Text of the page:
The Financial Conduct Authority (FCA) fined just 18 senior managers in 2013, raising concern that the misconduct and bad practice that has led to financial scandals is not being sufficiently tackled.
The figure is 40% lower than the 30 fines handed out in 2010, despite the emergence of Libor rigging and the forex scandal. The 2013 number means that only 0.03% of chief executives or senior managers were given sanctions.
The data was obtained by London law firm Reynolds Porter Chamberlain (RPC) under the Freedom of Information Act, which questioned the low number of fines imposed, considering that the strategy of holding individuals responsible could be crucial in preventing misconduct.
However, an FCA spokesperson commented, “Holding individuals to account is clearly an area where we have put a lot of resources. It was also an area that the parliamentary commission on banking standards found that we needed to improve upon, so we will be making more proposals soon.”
But RPC argued that the financial regulator was changing the way it assess its cases, with a longer and more complicated process that is giving individuals the chance to get insurance cover to counter accusations more easily.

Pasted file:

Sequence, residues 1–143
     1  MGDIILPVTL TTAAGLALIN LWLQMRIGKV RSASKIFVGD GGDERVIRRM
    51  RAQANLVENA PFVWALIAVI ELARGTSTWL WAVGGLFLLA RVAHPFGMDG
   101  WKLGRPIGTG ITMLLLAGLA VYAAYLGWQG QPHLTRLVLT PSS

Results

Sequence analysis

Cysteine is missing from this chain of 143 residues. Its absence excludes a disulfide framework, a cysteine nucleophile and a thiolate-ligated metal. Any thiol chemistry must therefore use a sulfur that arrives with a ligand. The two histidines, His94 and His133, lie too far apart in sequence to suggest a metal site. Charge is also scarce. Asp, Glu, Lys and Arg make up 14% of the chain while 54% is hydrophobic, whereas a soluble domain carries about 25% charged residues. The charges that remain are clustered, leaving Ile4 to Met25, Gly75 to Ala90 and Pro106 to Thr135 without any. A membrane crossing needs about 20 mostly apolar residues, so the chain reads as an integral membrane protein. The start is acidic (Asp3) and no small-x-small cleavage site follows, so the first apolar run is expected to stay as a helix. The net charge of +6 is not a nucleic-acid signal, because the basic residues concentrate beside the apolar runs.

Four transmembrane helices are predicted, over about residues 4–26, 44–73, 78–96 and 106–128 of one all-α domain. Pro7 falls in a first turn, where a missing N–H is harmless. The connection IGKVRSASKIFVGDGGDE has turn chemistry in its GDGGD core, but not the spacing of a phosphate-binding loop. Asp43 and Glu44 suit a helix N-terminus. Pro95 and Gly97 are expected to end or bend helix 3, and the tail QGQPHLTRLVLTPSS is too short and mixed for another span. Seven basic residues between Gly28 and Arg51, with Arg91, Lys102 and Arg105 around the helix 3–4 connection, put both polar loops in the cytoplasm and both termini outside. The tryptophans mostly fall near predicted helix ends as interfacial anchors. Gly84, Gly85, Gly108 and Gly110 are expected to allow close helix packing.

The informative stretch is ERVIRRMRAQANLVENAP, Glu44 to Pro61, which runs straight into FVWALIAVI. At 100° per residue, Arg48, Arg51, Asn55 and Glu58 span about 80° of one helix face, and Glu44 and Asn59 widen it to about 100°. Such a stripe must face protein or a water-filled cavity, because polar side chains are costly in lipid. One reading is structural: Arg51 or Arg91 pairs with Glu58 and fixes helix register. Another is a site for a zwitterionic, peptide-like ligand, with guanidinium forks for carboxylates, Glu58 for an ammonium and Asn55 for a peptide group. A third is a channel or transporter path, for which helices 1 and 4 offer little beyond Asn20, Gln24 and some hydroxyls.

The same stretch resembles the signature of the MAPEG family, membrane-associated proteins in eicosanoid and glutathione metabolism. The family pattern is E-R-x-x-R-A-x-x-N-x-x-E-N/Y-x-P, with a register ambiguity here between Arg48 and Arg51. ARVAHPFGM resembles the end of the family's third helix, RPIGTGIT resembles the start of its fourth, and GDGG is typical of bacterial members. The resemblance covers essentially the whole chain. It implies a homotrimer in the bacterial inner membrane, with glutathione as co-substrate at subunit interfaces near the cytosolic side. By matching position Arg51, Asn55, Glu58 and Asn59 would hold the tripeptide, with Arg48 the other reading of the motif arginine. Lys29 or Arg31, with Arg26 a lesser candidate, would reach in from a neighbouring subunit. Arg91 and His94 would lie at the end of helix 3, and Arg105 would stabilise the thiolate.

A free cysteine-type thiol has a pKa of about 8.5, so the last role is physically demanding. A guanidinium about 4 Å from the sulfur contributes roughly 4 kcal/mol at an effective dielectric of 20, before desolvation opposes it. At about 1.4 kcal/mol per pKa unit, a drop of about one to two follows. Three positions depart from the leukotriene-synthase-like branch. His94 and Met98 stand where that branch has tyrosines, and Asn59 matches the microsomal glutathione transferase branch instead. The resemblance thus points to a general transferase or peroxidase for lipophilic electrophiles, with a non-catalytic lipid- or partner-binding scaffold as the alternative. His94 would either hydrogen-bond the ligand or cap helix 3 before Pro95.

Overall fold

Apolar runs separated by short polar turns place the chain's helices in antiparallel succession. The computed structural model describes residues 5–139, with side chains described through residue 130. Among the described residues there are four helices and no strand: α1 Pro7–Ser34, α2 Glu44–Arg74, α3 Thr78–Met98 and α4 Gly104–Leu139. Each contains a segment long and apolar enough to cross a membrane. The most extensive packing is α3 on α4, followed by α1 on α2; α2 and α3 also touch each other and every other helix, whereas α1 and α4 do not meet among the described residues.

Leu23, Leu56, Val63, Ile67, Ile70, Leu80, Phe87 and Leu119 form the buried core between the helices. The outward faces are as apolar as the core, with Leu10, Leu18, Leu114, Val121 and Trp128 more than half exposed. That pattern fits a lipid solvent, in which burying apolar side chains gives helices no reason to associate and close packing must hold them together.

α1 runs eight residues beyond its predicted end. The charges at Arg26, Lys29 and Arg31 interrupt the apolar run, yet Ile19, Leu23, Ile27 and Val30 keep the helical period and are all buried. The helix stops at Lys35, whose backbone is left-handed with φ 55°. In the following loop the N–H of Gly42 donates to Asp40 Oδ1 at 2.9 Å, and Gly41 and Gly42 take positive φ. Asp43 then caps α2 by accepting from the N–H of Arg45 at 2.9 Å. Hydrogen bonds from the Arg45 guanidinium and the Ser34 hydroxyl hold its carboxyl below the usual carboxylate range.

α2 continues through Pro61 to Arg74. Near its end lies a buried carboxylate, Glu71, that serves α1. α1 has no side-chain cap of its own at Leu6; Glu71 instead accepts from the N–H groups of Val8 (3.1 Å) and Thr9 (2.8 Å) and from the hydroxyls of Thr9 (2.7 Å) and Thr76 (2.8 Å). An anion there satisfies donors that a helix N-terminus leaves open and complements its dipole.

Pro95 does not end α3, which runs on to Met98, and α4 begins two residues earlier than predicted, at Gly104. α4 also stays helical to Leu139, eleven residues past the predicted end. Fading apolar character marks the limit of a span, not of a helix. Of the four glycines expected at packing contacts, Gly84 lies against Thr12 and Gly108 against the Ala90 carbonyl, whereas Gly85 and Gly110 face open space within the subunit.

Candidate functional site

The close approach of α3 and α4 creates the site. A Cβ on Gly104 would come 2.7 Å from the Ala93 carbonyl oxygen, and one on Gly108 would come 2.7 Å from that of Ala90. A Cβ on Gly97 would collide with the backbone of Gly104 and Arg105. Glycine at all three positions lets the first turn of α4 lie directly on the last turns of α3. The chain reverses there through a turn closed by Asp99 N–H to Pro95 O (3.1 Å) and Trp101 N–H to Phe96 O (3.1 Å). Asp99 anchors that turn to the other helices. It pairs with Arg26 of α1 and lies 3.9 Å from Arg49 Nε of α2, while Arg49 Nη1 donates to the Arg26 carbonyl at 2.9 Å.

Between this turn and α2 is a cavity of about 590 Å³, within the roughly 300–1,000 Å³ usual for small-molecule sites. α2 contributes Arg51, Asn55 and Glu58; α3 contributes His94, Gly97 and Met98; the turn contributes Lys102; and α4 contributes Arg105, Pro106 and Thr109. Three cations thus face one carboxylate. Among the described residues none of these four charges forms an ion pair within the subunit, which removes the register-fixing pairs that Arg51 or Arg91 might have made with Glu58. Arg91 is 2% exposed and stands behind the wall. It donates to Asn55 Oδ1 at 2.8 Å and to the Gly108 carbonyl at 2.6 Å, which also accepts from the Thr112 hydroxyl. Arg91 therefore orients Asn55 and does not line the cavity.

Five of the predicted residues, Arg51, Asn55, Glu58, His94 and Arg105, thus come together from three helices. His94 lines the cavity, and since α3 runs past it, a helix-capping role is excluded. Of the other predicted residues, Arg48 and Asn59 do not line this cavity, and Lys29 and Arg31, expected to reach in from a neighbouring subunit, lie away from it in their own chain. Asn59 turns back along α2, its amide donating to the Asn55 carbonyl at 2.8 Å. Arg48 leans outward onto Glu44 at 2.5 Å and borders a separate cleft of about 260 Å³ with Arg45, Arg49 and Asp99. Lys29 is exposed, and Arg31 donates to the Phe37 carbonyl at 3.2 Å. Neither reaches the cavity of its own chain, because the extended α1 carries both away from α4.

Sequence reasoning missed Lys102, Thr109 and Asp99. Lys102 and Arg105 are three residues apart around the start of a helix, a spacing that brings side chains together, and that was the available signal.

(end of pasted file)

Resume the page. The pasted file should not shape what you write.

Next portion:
Richard Burger, partner at RPC, said, “Individuals have got so much more to lose and so they are much more willing to fight allegations of wrongdoing tooth and nail. Not only are there substantial fines at stake, their reputation and career are on the line. Even if they are not given a lifetime ban, the chances are they’ll never work in the City again.”
Chief executive of the FCA Martin Wheatley said earlier this month that changing the culture at financial services firms would be a “long and painful job”.
Photo: Rob Schofield via flickr